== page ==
Who Is Martin Tripp? Tesla 'Hacker' Being Sued for Stealing Secrets Says He Is Actually a Whistleblower

Electric car maker Tesla has filed a lawsuit against a former technician for allegedly stealing trade secrets, hacking computers and leaking information to the media. But the former staffer, named as 40-year-old Martin Tripp, has denied the claim. Instead, he says he was acting as a whistleblower.

Legal filings first reported by CNBC suggest Tripp, of Sparks, Nevada, used hacking software to target Tesla's manufacturing operating system (MOS) before transferring "several gigabytes" of data to unknown recipients. The data included dozens of confidential photographs and at least one video.

According to Tesla, covert code was installed on three separate computer systems of other Tesla employees "so that the data would be exported even after he left the company and so that those individuals would be falsely implicated as guilty parties." Tesla has further alleged that Tripp—who worked at the Nevada Gigafactory—also made false claims to the media about the pilfered data.

"Tripp claimed that punctured battery cells had been used in certain Model 3 vehicles even though no punctured cells were ever used in vehicles, batteries or otherwise," the legal filing stated. Tesla has requested court-backed access to Tripp's computers, USB drives, cloud accounts and message histories to find "the extent to which Tesla trade secrets were wrongfully taken" or sent to others.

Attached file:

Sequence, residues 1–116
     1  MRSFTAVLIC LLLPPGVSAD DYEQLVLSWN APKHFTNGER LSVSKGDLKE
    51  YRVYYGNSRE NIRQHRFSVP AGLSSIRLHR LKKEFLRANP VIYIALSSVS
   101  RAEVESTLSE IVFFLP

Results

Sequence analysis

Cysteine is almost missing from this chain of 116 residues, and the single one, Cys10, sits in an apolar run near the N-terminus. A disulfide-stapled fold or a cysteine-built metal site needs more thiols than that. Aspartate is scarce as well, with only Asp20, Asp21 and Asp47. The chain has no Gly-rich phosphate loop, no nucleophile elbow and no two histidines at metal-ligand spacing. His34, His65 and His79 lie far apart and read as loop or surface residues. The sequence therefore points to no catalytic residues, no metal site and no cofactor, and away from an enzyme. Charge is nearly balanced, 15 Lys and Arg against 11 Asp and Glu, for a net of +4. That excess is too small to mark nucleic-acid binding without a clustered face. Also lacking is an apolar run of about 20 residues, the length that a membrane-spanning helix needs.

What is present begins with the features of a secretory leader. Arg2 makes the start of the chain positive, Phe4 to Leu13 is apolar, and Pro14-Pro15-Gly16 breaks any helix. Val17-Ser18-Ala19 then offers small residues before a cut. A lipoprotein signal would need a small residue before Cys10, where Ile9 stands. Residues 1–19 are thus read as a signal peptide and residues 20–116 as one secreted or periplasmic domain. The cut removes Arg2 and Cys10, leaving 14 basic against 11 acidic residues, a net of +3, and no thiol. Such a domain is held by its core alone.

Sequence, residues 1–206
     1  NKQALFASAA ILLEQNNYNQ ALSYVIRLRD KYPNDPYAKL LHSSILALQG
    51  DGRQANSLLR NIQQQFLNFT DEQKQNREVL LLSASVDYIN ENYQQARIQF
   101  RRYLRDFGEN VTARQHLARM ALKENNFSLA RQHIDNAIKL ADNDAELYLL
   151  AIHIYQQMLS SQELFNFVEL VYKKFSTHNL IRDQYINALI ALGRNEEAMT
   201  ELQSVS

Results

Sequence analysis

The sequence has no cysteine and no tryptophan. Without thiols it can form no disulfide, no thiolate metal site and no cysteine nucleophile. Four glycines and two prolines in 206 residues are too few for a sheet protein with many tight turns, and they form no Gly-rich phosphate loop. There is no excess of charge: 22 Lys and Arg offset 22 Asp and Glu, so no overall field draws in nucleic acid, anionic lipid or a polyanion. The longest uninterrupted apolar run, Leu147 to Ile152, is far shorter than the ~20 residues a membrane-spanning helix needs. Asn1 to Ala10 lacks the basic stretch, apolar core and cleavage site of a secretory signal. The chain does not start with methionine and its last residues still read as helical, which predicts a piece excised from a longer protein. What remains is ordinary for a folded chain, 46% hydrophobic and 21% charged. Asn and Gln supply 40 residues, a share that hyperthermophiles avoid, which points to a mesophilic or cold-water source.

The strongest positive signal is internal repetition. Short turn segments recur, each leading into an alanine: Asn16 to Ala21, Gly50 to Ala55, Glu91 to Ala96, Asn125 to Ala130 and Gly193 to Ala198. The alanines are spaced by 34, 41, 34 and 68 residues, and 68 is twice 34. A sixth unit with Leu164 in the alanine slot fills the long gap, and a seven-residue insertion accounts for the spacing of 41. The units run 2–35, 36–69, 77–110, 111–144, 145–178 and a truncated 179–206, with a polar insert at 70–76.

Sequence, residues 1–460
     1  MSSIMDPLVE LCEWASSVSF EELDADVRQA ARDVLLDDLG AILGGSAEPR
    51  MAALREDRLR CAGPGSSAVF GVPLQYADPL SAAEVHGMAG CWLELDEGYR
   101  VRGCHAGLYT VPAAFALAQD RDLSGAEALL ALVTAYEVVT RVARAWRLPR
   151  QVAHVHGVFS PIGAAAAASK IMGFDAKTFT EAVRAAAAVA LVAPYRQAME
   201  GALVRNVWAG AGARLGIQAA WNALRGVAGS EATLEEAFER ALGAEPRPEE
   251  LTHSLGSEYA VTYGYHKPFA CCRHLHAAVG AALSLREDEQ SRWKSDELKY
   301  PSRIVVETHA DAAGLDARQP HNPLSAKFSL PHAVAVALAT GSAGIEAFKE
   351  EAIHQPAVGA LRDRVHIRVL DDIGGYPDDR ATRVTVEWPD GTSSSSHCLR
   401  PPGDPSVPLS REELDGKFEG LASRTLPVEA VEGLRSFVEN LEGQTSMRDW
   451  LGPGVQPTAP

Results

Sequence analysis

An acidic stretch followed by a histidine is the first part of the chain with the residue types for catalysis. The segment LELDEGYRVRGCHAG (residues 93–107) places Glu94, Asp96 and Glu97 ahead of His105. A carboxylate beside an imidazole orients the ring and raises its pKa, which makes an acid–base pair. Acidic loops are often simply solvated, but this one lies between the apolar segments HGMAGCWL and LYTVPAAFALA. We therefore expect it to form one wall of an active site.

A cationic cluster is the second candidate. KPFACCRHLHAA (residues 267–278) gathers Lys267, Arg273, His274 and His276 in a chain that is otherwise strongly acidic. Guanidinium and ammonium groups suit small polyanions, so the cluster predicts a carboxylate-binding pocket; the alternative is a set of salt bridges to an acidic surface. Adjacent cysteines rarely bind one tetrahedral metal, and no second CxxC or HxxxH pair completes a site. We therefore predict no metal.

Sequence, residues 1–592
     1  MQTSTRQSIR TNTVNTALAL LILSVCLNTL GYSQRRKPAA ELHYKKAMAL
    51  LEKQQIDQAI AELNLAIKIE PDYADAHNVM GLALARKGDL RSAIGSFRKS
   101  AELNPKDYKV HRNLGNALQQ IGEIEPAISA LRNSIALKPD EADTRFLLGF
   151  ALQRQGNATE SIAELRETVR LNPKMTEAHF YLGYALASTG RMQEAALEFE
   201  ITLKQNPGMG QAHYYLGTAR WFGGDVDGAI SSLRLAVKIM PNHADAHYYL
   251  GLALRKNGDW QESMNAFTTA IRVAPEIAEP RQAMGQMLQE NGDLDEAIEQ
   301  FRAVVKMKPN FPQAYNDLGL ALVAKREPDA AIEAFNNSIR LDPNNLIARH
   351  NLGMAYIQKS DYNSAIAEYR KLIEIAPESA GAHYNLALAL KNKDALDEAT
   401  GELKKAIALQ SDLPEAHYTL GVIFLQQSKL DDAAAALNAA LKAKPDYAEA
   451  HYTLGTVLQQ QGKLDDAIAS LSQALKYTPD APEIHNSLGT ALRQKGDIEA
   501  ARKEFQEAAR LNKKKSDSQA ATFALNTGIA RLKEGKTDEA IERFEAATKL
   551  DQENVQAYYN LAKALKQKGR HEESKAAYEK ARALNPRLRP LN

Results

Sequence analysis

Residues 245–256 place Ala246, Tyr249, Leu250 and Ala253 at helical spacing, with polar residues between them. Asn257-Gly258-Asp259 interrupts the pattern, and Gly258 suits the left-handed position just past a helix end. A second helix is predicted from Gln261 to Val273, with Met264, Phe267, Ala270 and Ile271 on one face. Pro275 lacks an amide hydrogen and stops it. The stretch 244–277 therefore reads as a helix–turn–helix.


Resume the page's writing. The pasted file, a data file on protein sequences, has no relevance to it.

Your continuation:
Elon Musk
Chicago Engineer and tech entrepreneur Elon Musk of The Boring Company talks about constructing a high speed transit tunnel at Block 37 during a news conference on June 14, 2018 in Chicago, Illinois. Joshua Lott/Getty Images

The lawsuit was filed on Wednesday and followed multiple internal emails that were sent company-wide by CEO Elon Musk, who claimed to have evidence of "sabotage" going on inside Tesla and pointed the finger at industry competitors such as Wall Street short-sellers or oil and gas companies.

The electric car company, which recently sacked 9 percent of its overall workforce in an attempt to boost profitability, did not respond to a request for comment from Newsweek.

Responding to CNN this week, Tripp said he was "being singled out for being a whistleblower" and denied hacking into the MOS. "The data I was collecting was so severe, I had to go to the media," he claimed. The defendant said he was being sued for trying to warn investors of problems within Tesla, including damaged battery modules and inflated sales numbers. His assertions remain unverified.

Tesla suggested that some of Tripp's claims had been "vastly exaggerated."

TechCrunch has reported Tripp was being sued for $1 million. The federal court filing is asking for unspecified compensatory damages and "further relief as the court may deem just and proper." Tesla said Tripp joined Tesla in October 2017 but became disgruntled at his low position in the company. It alleged he "retaliated" after being assigned a new role by stealing confidential and trade secrets.

According to CNN, the technician was fired within the last week.

During an interview with Tesla investigators on June 14 and June 15, the Nevada court filing said the defendant admitted that he had to attempted to recruit additional sources inside the Gigafactory to share confidential Tesla data outside the company. The internal probe is ongoing, the company added.

On Twitter, Musk wrote: "There is more, but the actions of a few bad apples will not stop Tesla from reaching its goals. With 40,000 people, the worst 1 in 1000 will have issues. That's still ~40 people."

A sign is seen outside Tesla Motors' new showroom in Manhattan's Meatpacking District in New York City, U.S., December 14, 2017. REUTERS/Brendan McDermid/File Photo